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French President Emmanuel Macron and Bolivian President Evo Morales at the One Planet Summit in December 2017. Photo: Christophe Archambault/AFP via Getty Images

Latin America may be taking more concrete steps to meet Paris Agreement targets than any other region, according to a new report from the Atlantic Council.

Why it matters: Ahead of the 24th Conference of the Parties to the UN Framework Convention on Climate Change (COP24), when countries will check in on their national plans to implement the Paris Agreement, Latin America has demonstrated how smart policy and government support can lower fuel costs and emissions. Energy solutions developed there could be showcased at COP24 for other developing countries to emulate.

Latin America's largest emitters have pursued a number of effective emission-reduction strategies, including reducing energy subsidies, redesigning dated tariff systems, liberalizing power markets, creating national energy efficiency initiatives and building liquified natural gas (LNG) import infrastructure to back up hydro and renewable power.

Yes, but: Central America and the Caribbean lag further behind. Central America needs more support for integrating national electricity grids, targeting subsidies and adopting a regional approach to LNG imports. The Caribbean needs credit, help preparing modern power purchase agreements and financing options for distributed power systems.

The bottom line: Even as the U.S. seeks to withdraw from the Paris Agreement, the U.S. can still help Central America and the Caribbean meet their own climate targets by fast-tracking LNG exports, training regulators on tariff design and system integration and using its vote in multilateral development banks to provide the region with credit support and financing.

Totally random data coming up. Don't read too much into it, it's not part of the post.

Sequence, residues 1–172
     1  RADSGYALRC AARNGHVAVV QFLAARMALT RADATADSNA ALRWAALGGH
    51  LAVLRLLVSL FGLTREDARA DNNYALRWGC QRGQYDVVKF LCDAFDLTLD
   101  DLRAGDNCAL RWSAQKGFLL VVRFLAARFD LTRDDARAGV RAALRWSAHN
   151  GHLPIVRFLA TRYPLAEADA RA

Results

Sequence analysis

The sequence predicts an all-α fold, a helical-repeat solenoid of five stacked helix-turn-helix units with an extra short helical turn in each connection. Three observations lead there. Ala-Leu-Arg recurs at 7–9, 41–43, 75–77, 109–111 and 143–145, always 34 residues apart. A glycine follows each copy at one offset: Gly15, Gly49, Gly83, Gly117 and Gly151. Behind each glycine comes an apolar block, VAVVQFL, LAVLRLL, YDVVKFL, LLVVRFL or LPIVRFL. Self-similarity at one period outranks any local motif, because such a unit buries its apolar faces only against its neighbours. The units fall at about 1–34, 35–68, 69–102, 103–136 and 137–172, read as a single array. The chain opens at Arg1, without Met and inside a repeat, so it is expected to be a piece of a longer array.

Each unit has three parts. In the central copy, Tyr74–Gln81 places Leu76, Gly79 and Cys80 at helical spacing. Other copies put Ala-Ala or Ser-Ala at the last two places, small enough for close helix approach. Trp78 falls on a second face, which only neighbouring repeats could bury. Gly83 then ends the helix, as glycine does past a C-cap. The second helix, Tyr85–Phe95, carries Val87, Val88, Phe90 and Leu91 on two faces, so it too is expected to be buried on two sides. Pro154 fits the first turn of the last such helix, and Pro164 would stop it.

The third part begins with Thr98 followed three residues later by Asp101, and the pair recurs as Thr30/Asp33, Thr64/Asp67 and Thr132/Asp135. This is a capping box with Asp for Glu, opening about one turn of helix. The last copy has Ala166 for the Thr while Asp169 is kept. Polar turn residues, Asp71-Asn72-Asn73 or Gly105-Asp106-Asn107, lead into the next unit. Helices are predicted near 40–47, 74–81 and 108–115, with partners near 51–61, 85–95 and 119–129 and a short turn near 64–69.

David L. Goldwyn is chairman of the Atlantic Council Global Energy Center Advisory Board and a former special envoy for international energy at the State Department.

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The assassination of Mohsen Fakhrizadeh, the architect of Iran’s military nuclear program, is a new height in the maximum pressure campaign led by the Trump administration and the Netanyahu government against Iran.

Why it matters: It exceeds the capture of the Iranian nuclear archives by the Mossad, and the sabotage in the advanced centrifuge facility in Natanz.

Scoop: Biden weighs retired General Lloyd Austin for Pentagon chief

Lloyd Austin testifying before Congress in 2015. Photo: Chip Somodevilla/Getty Images

Joe Biden is considering retired four-star General Lloyd Austin as his nominee for defense secretary, adding him to a shortlist that includes Jeh Johnson, Tammy Duckworth and Michele Flournoy, two sources with direct knowledge of the decision-making tell Axios.

Why it matters: A nominee for Pentagon chief was noticeably absent when the president-elect rolled out his national security team Tuesday. Flournoy had been widely seen as the likely pick, but Axios is told other factors — race, experience, Biden's comfort level — have come into play.

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Illustration: Sarah Grillo/Axios

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